Not Wanted on the Voyage


The best we can do is to describe the testing we have and have not done and what we have and have not found out about the software. We can apply our best professional judgment to describing the significance of our work and our findings, and we can categorize that significance in terms of risk—while understanding that we are not always in the best position to estimate the business impacts of software problems.

The tester's job isn't to judge. It's to provide information about the software to help management make informed decisions. That's a difficult, honorable, and challenging job. We shouldn't denigrate it by becoming gatekeepers.

Let's Get Rid of Them
I don't think testers want to be labeled Not Wanted on the Voyage. We want to contribute real value to software projects with our unique testers' mindset and skills. To ensure that future, we all need to keep growing what we do and how we do it.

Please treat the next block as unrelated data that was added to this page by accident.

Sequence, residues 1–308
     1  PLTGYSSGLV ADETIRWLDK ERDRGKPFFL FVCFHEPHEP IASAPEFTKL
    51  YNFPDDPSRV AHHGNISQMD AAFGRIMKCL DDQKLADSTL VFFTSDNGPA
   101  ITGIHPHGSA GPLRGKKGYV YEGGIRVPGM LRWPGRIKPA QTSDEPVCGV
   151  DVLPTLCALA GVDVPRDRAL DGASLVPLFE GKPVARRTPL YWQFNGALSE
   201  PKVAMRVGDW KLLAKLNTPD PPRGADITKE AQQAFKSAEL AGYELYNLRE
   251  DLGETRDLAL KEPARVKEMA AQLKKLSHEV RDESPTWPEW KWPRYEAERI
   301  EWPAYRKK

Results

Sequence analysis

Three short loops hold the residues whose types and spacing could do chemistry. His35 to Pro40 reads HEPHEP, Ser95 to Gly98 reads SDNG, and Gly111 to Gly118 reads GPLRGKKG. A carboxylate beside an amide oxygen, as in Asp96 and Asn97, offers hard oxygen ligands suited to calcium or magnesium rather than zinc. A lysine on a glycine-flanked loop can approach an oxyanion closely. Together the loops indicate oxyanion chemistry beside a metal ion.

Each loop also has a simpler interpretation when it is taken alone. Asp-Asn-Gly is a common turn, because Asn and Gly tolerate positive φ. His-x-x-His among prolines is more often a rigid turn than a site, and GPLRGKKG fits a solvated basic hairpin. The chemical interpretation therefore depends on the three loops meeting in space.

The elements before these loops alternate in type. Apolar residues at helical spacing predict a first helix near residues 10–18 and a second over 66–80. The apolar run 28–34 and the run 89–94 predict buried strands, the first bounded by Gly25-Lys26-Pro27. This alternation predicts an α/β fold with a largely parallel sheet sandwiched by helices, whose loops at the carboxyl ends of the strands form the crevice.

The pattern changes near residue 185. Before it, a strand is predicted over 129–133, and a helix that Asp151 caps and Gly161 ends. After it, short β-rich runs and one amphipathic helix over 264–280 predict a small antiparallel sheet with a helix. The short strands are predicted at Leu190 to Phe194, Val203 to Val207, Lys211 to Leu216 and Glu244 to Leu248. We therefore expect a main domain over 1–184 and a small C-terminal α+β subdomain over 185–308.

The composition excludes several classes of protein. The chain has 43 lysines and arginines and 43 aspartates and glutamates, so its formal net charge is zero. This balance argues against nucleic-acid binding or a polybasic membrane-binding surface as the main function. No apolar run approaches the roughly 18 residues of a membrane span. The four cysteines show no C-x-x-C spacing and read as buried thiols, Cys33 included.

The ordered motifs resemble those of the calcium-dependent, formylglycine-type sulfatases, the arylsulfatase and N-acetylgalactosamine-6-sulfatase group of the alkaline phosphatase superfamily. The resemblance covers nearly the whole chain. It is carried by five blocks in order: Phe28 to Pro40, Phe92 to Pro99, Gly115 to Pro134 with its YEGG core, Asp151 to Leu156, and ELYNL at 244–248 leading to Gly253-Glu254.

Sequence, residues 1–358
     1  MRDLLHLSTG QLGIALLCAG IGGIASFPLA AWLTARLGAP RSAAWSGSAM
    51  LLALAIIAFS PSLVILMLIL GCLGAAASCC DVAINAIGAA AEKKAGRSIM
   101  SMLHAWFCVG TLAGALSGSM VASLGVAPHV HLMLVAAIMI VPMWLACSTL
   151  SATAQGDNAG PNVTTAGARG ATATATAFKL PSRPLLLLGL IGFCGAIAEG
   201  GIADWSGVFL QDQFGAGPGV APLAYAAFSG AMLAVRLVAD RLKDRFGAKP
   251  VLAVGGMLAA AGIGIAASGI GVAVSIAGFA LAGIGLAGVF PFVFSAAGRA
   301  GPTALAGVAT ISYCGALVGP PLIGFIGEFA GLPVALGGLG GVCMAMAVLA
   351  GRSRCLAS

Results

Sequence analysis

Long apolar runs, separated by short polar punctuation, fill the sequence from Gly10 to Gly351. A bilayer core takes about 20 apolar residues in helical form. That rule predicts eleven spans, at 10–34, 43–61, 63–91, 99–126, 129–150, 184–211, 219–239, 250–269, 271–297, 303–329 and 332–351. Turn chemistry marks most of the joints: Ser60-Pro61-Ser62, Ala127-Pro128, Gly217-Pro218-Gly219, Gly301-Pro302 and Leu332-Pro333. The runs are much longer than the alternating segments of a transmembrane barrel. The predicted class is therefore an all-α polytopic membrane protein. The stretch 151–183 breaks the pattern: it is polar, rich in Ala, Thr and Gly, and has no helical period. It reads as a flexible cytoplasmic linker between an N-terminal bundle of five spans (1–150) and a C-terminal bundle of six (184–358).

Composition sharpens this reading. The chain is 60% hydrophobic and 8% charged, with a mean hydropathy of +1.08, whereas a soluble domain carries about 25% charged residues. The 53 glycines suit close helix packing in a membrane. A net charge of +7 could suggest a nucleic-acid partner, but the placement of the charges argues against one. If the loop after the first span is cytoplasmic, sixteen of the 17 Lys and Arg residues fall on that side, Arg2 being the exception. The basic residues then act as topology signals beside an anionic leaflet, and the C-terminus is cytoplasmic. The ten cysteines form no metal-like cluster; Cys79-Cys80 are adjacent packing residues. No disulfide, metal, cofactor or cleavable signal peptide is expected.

A culture that values process over skill, an adversarial attitude, and a gatekeeper mentality are heavy baggage for testers to carry around. They hold us back from doing our best work. They alienate our teammates and perpetuate beliefs that we are inflexible and incapable of adaptation—a poor bet for shipmates on challenging voyages.

I'd like to slap Not Wanted on the Voyage labels on all these counter-productive practices and beliefs. But let's not store them in the hold for future use. Let's throw them overboard! Or quietly leave them behind on the quay.

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